Friday, January 7, 2011

Offshore wind energy: The promise and the reality

"European countries have put in place more than 1,000 offshore wind turbines since the early 1990s. China set up its first offshore wind farm last year, and it’s supplying power to 200,000 Shanghai households. A second plant, also in the East China Sea, will be built next year."

That's what Governing Magazine has to say about wind energy development abroad. 

And at home?

"The U.S. has yet to build a single wind turbine in state or federal waters."

Discouraging?  You bet.  But change may be on the horizon.

According to a report by the U.S. Department of Energy’s National Renewable Energy Laboratory, planning for wind development is well under way, with the largest concentration of sites proposed for mid-Atlantic states. Half a dozen offshore turbine projects capable of generating 3 gigawatts are currently undergoing federal review, with about a dozen more moving through the state permitting process.

Governing identifies New Jersey as leading the pack of wind-energy hopefuls, noting that the state recently  approved "one of the most aggressive pieces of offshore legislation in the country: a $100 million tax credit for offshore wind developers and supply chain manufacturers."

Michele Siekerka, assistant commissioner for economic growth and green energy at New Jersey's  Department of Environmental Protection, told the publication:

“We are sending a strong market sign that we are interested.  Our goal is to build an industry around these projects.” 

The National Renewable Energy Laboratory estimates that offshore wind capacity within 50 nautical miles of the U.S. coastline is about 4,000 gigawatts -- or about four times the amount of energy flowing through the current electrical grid.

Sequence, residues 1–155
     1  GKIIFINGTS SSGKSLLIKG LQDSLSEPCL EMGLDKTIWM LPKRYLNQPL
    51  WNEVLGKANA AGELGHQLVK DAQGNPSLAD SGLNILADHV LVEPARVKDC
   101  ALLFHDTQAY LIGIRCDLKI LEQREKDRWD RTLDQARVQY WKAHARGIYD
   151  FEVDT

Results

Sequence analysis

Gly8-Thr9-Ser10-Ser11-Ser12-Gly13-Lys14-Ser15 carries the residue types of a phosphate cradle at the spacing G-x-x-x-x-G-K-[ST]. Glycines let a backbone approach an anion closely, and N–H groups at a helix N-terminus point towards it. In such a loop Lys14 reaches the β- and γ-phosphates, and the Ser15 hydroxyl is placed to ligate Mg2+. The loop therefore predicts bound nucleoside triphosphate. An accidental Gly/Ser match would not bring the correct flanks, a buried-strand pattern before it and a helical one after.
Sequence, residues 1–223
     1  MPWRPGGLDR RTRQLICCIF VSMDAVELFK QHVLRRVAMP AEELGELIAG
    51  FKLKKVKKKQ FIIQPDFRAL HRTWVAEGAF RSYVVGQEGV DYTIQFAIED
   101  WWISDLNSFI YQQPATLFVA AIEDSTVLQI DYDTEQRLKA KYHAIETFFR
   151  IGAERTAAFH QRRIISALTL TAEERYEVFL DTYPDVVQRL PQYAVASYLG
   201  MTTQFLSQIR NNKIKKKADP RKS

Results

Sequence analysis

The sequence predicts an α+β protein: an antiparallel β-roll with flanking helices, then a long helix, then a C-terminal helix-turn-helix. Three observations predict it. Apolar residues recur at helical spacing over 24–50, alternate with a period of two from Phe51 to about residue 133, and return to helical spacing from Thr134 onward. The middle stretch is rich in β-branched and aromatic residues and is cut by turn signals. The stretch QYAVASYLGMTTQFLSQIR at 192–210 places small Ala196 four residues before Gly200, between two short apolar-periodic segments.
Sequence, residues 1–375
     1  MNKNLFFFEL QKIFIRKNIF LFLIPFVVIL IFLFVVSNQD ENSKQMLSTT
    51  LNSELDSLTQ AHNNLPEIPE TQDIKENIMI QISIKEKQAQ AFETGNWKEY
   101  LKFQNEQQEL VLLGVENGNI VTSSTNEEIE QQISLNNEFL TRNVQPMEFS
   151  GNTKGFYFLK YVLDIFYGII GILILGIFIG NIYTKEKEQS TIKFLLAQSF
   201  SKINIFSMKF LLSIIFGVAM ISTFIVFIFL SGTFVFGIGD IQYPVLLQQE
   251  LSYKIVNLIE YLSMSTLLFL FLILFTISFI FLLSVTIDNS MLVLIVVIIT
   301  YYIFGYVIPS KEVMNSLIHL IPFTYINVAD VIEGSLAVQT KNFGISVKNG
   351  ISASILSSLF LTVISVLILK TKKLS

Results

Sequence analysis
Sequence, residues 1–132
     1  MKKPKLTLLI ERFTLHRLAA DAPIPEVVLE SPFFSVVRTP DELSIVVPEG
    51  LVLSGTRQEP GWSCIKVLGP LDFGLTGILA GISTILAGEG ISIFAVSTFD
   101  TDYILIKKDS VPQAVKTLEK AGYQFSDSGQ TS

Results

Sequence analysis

So what, one wonders, is the holdup?  This isn't exploration into the dark recesses of space.  Europe and China have shown the way.  Why are we still lagging behind?

“We need a national renewable energy policy -- a policy that doesn’t change every two years,” says Bob West, managing director of the Ocean Energy Institute, adding that several factors are creating uncertainty in the offshore wind power market: cumbersome permitting processes, low natural gas prices and federal wind subsidies that are set to expire in 2012. “Without that certainty,” he says, “it’s going to be difficult to get these projects off the ground.”

Wonderful.  Two years into a Democratic administration that promised a dramatic change in energy policy, the wind-energy industry and investors are still waiting for clear direction. And the two-and-a-half parties in Congress have demonstrated even less interest in moving the nation beyond its fossil-fuel dependence. They're two busy bashing each other in the daily sound-bite war.

You know just how bad things are when a near bankrupt state like New Jersey has to take the lead by promising enormous tax breaks to get the turbines spinning.

Check out the entire story at: The Struggle to Implement Offshore Wind Farms

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